The Crown of An American Queen

by Sally Nelson Robins

In the Days of Bacon’s Rebellion in Virginia

In the age when America was but a name and Virginia only a hamlet, there was a dusky queen who wore a silver crown by order of his most sacred Majesty King Charles II., King of England, Scotland, France, Ireland, and Virginia.

There are few distinct Indian personalities. Powhatan, Pocahontas, Opechancanough, Totopotomoi and his wife, the Queen of the Pamunkeys, are savage heroes who sentinel the seventeenth century; they all belonged to the Pamunkey tribe of the great Powhatan Confederacy, the most powerful Indian combination that ever existed.

When the boisterous and heroic Nathaniel Bacon was in the flush of his wonderful success, and had brought his followers to Jamestown, he demanded of the Governor redress for Indian depredations and outrages. When the Assembly in council was sitting, the Queen of the Pamunkeys came in, leading her son by the hand. She came to tell of grievances also. She wore a dress of black and white wampum peake and a mantle of deer-skin, “cut in a frenge” six inches from the outer edge. It fell loosely from her shoulders to her feet. On her head was a crown of “purple bead of shell, drilled.” She was a beautiful woman, old chronicles tell us, and she walked in with a proud but aggrieved countenance.

She sat down in the midst of the Assembly, listening eagerly to the arguments for the suppression and, if need be, the extinction of her race. And she remembered Totopotomoi bleeding for these people who would not recognize her rights. She arose and made a speech in her own tongue, eloquent with gesticulation; the refrain of it was a mad wail: “Totopotomoi chepiak!” (i.e., Totopotomoi dead).

Colonel Hill, the younger, touched a fellow-member on the shoulder, and whispered: “What she says is true. Totopotomoi fought with my father, and fell with his warriors.”

But the Assembly would not listen to the poor suffering Queen. They wanted to fight more battles, and the Queen of the Pamunkeys must furnish her quota.

“How many men will you furnish?” asked Nathaniel Bacon. “How many will you give to fight and subdue the treacherous tribes which threaten our peace?”

The Queen was silent. She remembered her husband and his slain braves. She had fears for her son, and she would not speak.

 “How many?” asked Bacon.

The poor Queen had her head turned away and bowed.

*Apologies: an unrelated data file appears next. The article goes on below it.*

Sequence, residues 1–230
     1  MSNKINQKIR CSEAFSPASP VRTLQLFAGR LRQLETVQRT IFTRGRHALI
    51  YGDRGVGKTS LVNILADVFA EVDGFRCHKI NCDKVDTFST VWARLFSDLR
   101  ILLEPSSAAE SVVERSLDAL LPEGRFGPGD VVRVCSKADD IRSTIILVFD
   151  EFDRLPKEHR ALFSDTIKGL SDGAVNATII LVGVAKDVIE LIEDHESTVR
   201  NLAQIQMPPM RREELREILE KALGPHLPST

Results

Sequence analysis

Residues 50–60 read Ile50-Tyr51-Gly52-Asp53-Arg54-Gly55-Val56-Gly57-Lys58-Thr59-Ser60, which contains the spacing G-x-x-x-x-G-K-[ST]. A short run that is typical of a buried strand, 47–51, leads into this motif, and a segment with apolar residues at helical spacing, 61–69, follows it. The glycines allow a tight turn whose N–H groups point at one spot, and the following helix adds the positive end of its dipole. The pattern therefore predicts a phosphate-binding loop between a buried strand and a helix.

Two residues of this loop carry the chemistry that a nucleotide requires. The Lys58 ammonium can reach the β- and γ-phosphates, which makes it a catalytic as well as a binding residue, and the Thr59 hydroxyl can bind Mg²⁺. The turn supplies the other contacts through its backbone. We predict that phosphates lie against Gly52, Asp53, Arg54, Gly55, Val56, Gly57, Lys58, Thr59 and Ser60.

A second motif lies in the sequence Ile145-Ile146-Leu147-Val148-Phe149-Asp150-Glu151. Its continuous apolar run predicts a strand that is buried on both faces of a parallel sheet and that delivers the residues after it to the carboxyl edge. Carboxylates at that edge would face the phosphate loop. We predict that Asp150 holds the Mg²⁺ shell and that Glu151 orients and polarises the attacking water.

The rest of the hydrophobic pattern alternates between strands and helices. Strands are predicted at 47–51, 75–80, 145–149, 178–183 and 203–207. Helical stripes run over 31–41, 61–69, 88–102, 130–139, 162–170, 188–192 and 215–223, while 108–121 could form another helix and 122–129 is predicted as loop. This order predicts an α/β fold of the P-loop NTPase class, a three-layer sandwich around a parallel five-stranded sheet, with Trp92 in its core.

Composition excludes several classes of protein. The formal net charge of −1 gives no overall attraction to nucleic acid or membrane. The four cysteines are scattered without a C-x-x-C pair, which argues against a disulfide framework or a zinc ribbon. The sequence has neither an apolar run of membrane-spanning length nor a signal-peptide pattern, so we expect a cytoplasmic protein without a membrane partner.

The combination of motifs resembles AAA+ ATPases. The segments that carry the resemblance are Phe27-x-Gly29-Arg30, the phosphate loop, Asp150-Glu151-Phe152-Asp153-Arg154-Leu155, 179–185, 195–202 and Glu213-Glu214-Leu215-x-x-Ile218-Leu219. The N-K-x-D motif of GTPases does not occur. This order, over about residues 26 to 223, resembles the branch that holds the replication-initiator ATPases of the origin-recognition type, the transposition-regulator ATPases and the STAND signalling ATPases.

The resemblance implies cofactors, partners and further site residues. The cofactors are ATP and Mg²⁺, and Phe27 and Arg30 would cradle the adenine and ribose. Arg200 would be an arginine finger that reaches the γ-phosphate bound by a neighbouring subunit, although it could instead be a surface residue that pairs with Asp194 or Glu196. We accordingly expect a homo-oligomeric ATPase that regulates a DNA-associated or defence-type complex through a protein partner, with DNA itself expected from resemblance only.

“How many?” demanded the famous rebel again.

Then she slowly turned her lovely face, and softly whispered, “Six.”

Her answer infuriated Bacon, who considered the number contemptible. “How many more?” he asked.

The Queen gave him a glance of indignant hate, and haughtily answered, “Twelve.” Then she gathered her robes about her, and majestically left the room.

Once more we see the Queen of the Pamunkeys, and now in fear and adversity. Bacon in his campaign destroyed the Pamunkey settlement—the same tribe which had so nobly assisted the English.

The poor Queen, terrified, fled far into the forest, accompanied by “onely a little Indian boy.” Her old nurse followed her, but was captured. Bacon ordered the old woman to guide him to a certain point, but she, full of revenge, led him in an opposite direction, whereupon the rebel ordered her to be knocked in the head.

The Queen wandered about almost crazy, and at last determined to return and throw herself upon Bacon’s mercy; but as she was rushing towards her desolated wigwam she came upon the body of her murdered nurse, which so affrighted her that she ran back into the wilderness, where she remained “fourteen daies without food, and would have perished but that she gnawed on the legg of a terrapin which the little Indian boy brought her.”

So only a few vivid sketches of this Queen are preserved to us in history but they have gained for her a place as a martyr. In recognition of her own and her husband’s deeds, Charles II. bestowed upon her a silver crown, with the lion of England, the lilies of France, and the harp of Ireland engraved thereon.

Savages are not averse to the baubles of civilization, and the crown which their Queen wore was a blessed treasure to her tribe for a hundred years after the Queen was dead.

The Pamunkey tribe, or a pitiful remnant of them, still dwell in Virginia, on the river which bears their name. They have a chief, and their own government. Annually they send tribute of fish and game and Indian handiwork to the Governor of Virginia. They are weakening physically, and pray for new blood from the Western reservation.

Once the tribe started for the West, carrying their best treasure, the silver crown. They came to the plantation of Mr. Morson, at Falmouth, and there bad weather and sickness made them halt. Mr. Morson attended to their physical wants, and allowed them to pitch their tents upon his land until their distress abated.

“What do we owe you?” asked the chief, when they had decided to return to their former Virginia reservation.

“Nothing,” said Mr. Morson. Perhaps he remembered Totopotomoi and his sorrowing Queen.

“Then we will give you what we value most,” and the chief presented to Mr. Morson the crown of the Queen of the Pamunkeys. For three generations it remained in the Morson family, and then it was purchased by the Association for the Preservation of Virginia Antiquities.

The crown is really a frontlet, and the Queen of the Pamunkeys wore it upon her brow, surmounted by a red velvet cap, long since destroyed by moths, and bound to her head by two silver chains.